As the world starts to eat more meat, two bad things happen. One, people's health suffers, because high-meat diets are associated with higher rates of cardiovascular disease, diabetes, and cancer. And two, greenhouse gas emissions go up, because ruminant animals, like cows, produce more methane (a potent climate-altering gas) than plants do.
A new study, from researchers at Oxford University, quantifies how bad things could be for the planet if the developing world follows the U.S. standard of meat consumption, and, conversely, how much better things would be if people ate their recommended dose of vegetables and fruits. By 2050, it estimates a global reduction in premature deaths of 6%-10% (or 5.1 million deaths avoided per year) and that greenhouse gas emissions could be reduced by 29%-70% compared to a business-as-usual scenario. In money terms, the benefit savings of more carrots and leeks would be staggering: $1 trillion to $31 trillion by mid-century.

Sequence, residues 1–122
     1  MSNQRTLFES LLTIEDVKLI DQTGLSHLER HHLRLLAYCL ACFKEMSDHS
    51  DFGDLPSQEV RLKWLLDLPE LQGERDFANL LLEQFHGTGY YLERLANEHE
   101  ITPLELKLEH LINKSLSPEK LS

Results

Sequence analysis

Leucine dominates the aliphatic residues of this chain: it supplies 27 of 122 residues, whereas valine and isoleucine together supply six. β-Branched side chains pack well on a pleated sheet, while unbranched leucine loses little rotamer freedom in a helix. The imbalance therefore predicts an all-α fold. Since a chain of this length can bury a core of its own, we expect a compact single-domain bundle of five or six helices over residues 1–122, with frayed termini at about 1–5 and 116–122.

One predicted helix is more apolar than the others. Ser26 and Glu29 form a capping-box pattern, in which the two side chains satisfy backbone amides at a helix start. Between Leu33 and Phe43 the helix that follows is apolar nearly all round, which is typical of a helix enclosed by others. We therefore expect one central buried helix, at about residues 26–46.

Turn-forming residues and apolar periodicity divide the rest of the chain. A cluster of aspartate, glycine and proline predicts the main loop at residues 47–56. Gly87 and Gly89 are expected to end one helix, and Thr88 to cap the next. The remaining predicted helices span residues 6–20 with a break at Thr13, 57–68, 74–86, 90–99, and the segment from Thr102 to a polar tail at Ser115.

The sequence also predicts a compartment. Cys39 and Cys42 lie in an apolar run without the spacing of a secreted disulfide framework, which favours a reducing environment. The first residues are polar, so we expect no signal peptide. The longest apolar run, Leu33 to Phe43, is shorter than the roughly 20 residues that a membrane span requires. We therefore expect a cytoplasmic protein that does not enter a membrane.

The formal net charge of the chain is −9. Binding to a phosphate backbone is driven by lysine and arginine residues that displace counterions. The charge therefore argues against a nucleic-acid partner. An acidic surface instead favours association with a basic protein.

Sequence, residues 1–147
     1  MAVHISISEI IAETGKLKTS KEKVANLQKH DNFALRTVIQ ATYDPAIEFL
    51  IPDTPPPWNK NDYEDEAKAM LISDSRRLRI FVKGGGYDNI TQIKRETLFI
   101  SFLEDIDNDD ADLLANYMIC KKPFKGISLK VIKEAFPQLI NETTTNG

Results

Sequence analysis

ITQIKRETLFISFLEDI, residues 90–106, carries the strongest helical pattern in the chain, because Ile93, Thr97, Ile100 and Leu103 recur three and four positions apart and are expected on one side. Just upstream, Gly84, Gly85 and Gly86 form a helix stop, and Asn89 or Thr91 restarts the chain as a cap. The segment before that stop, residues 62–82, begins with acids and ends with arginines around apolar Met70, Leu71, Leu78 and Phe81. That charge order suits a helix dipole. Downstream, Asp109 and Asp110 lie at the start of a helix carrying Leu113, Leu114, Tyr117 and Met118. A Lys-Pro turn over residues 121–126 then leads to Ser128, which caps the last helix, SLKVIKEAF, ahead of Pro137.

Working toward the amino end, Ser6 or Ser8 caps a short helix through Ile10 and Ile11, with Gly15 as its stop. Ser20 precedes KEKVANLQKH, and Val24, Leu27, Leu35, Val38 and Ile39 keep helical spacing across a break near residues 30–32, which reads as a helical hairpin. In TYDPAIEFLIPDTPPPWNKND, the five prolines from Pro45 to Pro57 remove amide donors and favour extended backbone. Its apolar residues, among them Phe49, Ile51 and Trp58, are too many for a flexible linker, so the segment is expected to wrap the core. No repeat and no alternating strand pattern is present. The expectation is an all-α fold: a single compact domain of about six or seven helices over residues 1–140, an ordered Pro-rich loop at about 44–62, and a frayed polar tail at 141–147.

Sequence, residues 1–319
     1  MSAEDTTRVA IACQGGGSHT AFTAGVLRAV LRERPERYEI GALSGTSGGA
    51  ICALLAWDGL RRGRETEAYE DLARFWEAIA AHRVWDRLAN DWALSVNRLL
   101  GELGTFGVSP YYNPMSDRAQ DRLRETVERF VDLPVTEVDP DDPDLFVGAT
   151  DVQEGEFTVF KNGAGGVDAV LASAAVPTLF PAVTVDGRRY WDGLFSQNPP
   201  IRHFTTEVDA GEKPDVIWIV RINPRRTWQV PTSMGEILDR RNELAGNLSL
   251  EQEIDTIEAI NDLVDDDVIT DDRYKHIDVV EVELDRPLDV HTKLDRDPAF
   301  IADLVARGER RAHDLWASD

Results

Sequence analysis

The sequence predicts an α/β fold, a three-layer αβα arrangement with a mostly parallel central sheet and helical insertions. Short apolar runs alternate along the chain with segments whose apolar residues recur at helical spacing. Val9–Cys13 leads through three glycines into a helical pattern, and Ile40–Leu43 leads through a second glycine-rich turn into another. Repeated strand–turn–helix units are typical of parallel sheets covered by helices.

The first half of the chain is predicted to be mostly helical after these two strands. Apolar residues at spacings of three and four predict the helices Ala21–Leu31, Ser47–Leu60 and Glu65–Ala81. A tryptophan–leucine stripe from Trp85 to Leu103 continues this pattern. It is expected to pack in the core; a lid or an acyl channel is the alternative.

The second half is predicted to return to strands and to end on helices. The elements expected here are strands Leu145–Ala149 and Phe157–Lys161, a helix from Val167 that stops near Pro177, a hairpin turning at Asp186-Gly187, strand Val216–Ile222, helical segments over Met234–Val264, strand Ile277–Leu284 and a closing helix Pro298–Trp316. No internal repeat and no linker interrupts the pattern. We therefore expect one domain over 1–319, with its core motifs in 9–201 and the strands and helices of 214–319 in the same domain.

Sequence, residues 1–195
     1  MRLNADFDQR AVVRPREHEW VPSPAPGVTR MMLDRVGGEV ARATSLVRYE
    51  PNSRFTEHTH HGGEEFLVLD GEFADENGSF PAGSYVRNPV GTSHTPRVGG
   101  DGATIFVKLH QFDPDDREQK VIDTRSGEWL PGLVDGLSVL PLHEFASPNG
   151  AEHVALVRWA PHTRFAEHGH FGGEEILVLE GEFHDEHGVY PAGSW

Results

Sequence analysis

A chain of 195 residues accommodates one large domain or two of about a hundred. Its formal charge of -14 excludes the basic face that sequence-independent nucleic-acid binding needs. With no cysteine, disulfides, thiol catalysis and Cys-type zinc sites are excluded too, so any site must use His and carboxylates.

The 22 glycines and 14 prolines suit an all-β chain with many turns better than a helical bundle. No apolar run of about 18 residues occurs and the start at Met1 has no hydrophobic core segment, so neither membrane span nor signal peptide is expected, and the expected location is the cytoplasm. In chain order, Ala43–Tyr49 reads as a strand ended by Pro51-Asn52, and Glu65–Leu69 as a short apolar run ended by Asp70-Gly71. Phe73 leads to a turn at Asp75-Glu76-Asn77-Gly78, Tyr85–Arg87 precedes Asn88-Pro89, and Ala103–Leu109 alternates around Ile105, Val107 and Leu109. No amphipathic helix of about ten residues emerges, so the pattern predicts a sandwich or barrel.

The numbers are so great because agriculture is associated with a quarter of all greenhouse emissions, with 80% of that coming from livestock production. Meanwhile, coronary heart disease, stroke, type 2 diabetes and cancer accounted for 40% of all deaths in 2010, the reference year for the study.
Led by Marco Springmann, from the Oxford Martin Program on the Future of Food, the research also models the impact by region and development status. The largest environmental and health benefits are in developing countries. Low-income countries in the Western Pacific alone could see a reduction of 264,000 deaths just from the climate change side. East Asia (31%–35%) and South Asia (15%–19%) account for the greatest percentage of deaths avoided for health reasons.
"The size of the projected benefits ... should encourage researchers and policy makers to act to improve consumption patterns," the researchers say. But they're not under any illusion about the size of the task. Just meeting standard dietary guidelines would mean a 25% increase in vegetable and fruit consumption, and an enormous 56% reduction in red-meat intake. At the same time, people would also need to eat less calories. The possible dividends of less meat are enormous, but so are the changes required.